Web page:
I was interested to read a report recently saying how many modern parents feel a disconnect from their families due to being too busy.
Struggling to get it all done, they refer to themselves as ‘auto parents’, confessing to being on autopilot most days, juggling the duties to get through.
It made me think back to the days when my kids were at school; remembering uniforms and sports kits, and at one-time lunch boxes too – I remember feeling pretty frazzled myself.
The end of this daily grind seemed remote, and although I loved my kids, the constant carting around to ballet, swimming and all the extracurricular activities their London school couldn’t provide on-site was similar to a military operation – and often times a pretty dull one at that.
The big difference I think is that I never went out and worked.
My duties were children, all housework and admin. Paying the bills, getting the car serviced, sorting the dry cleaning and arranging our social life seemed at the time an endless task.
He earned it and I used it…and at the end of the day just having a grown-up meal on the table was enough for me to manage.
‘Oh I love your house, it always smells of boiled vegetables’!
This was the deal, the arrangement and it worked well for our family but it always left me feeling like I was missing out on something. I really envied my husband’s female colleagues.
I saw grown-up lunches with stimulating conversations. Financial independence (so no hiding the shoes I bought last week ), as well as a lot more to contribute to the dinner table… I always felt I had missed out.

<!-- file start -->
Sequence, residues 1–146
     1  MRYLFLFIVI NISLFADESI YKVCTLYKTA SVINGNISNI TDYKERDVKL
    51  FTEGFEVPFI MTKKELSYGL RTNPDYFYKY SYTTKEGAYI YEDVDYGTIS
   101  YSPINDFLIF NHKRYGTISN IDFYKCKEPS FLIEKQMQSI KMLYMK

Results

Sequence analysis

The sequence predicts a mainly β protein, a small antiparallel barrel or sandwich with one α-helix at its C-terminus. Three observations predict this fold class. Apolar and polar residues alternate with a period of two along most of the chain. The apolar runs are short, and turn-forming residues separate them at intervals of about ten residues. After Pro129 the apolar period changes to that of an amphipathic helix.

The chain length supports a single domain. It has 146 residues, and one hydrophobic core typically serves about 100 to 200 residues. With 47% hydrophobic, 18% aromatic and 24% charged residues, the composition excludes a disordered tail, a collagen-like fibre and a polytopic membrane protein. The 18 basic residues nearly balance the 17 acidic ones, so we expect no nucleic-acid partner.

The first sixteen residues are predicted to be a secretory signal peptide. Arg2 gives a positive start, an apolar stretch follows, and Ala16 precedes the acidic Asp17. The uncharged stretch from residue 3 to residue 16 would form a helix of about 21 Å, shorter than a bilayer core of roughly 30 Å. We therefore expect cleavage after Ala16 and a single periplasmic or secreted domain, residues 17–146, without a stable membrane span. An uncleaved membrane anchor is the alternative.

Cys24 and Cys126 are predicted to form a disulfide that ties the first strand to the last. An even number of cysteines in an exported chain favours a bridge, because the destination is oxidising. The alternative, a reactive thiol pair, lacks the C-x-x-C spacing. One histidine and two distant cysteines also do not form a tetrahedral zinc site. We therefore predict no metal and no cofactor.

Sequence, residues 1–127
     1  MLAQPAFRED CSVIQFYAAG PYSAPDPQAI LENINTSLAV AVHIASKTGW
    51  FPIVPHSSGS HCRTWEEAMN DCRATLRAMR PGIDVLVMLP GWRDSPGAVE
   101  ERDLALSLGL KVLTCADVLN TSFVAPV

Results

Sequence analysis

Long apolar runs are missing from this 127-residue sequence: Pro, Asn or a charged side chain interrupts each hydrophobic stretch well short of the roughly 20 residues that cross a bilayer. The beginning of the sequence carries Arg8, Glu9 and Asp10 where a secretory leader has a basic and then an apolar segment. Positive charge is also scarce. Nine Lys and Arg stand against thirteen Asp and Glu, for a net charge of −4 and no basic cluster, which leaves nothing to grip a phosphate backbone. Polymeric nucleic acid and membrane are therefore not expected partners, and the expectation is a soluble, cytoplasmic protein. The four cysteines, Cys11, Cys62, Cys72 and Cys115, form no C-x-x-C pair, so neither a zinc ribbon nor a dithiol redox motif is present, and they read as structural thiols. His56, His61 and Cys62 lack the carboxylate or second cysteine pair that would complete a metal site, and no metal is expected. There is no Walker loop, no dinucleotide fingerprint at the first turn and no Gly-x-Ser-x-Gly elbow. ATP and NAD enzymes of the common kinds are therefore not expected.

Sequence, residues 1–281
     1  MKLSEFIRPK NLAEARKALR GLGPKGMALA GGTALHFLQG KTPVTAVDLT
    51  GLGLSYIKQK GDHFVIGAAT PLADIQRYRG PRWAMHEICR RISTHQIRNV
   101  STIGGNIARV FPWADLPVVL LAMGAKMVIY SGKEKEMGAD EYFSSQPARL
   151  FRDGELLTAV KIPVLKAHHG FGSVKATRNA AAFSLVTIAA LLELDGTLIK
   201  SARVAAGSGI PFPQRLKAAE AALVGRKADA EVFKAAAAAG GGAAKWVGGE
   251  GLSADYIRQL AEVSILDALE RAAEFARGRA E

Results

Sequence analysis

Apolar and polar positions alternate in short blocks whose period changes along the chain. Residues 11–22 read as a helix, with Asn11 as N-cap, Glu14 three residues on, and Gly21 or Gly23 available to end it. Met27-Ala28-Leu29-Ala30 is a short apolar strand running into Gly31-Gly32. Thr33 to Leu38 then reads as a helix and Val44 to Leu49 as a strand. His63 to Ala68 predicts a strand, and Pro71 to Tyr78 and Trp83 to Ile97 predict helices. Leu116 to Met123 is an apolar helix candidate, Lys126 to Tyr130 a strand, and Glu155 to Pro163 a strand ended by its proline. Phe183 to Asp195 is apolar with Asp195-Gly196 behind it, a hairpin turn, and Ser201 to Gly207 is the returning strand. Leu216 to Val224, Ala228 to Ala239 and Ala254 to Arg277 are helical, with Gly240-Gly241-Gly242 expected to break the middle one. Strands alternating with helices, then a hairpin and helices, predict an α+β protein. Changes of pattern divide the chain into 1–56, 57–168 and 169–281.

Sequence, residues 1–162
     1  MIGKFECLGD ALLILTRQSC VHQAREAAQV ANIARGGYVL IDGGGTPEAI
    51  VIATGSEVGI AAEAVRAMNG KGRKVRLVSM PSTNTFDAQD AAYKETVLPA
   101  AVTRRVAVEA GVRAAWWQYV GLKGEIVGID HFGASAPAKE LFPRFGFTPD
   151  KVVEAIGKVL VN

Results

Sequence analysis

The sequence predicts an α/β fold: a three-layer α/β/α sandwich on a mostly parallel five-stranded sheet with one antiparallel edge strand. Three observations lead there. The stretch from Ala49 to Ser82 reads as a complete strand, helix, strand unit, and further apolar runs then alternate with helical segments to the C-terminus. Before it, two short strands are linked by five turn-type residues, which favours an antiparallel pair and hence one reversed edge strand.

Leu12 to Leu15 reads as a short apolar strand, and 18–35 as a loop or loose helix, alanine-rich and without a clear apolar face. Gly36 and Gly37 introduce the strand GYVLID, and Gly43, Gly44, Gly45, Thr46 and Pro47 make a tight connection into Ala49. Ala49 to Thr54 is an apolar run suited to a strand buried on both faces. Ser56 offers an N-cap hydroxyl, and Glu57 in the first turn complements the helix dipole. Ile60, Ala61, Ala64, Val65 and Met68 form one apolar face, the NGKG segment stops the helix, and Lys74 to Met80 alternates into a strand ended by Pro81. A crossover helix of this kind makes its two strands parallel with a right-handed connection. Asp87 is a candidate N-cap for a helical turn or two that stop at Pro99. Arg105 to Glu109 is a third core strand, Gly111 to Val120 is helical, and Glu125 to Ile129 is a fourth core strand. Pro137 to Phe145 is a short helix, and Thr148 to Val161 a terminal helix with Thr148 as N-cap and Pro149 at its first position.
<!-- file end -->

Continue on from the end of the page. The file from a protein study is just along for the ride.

I know the grass is always greener – but I can’t tell you how nauseating it was when our very glamorous next door neighbour popped in to borrow something and said: ‘Oh I love your house, it always smells of boiled vegetables’!
Anyway, I digress. There is a happy medium I think, and it seems to me from watching the modern daily school ‘run’ (40% of the parents are fathers, which would never have been the case back in the day) I admire these do’ers.
The kids may feel upset when the nighttime story gets missed – but I honestly believe that it’s so much better having two fulfilled if exhausted parents.
They ‘spy’ on them from a distance and retain a rather worrying interest in their life.
I’m assuming the reason these families are so busy is that the mother is working. This could be for reasons of finance, or maybe that these new women are educated to work ( unlike me and my peer group back then, when being marriage and a housewife was the obvious path ) and choose to do that.
Making the sacrifices is worth it to them and I say jolly good luck to them. They’re lives and the juggling they must do is also fraught, and it takes a great deal of effort to run a career and home.
At the same time, I read that many mothers now are struggling to let their daughters go when they leave home… They ‘spy’ on them from a distance and retain a rather worrying interest in their life.
Annoying for the kids – but also rather sad for the mother. When you make your entire life about your family, then at the end of the day there’s often not too much left and you can end up feeling lonely and without a use.
Sharing the load makes for a much more fulfilled life in my opinion. Everyone equal, there will be no resentment even if there’s plenty of lists and occasional ‘days off sick!’.
As we move towards a new era of equality, I hope to continue to see more men on the school run and more women bringing home the bacon, whilst both handle the domestic duties, setting the example for the children that whilst they are important, they should never be the ‘only’ thing in a mother’s life, unless they want her on their backs forever!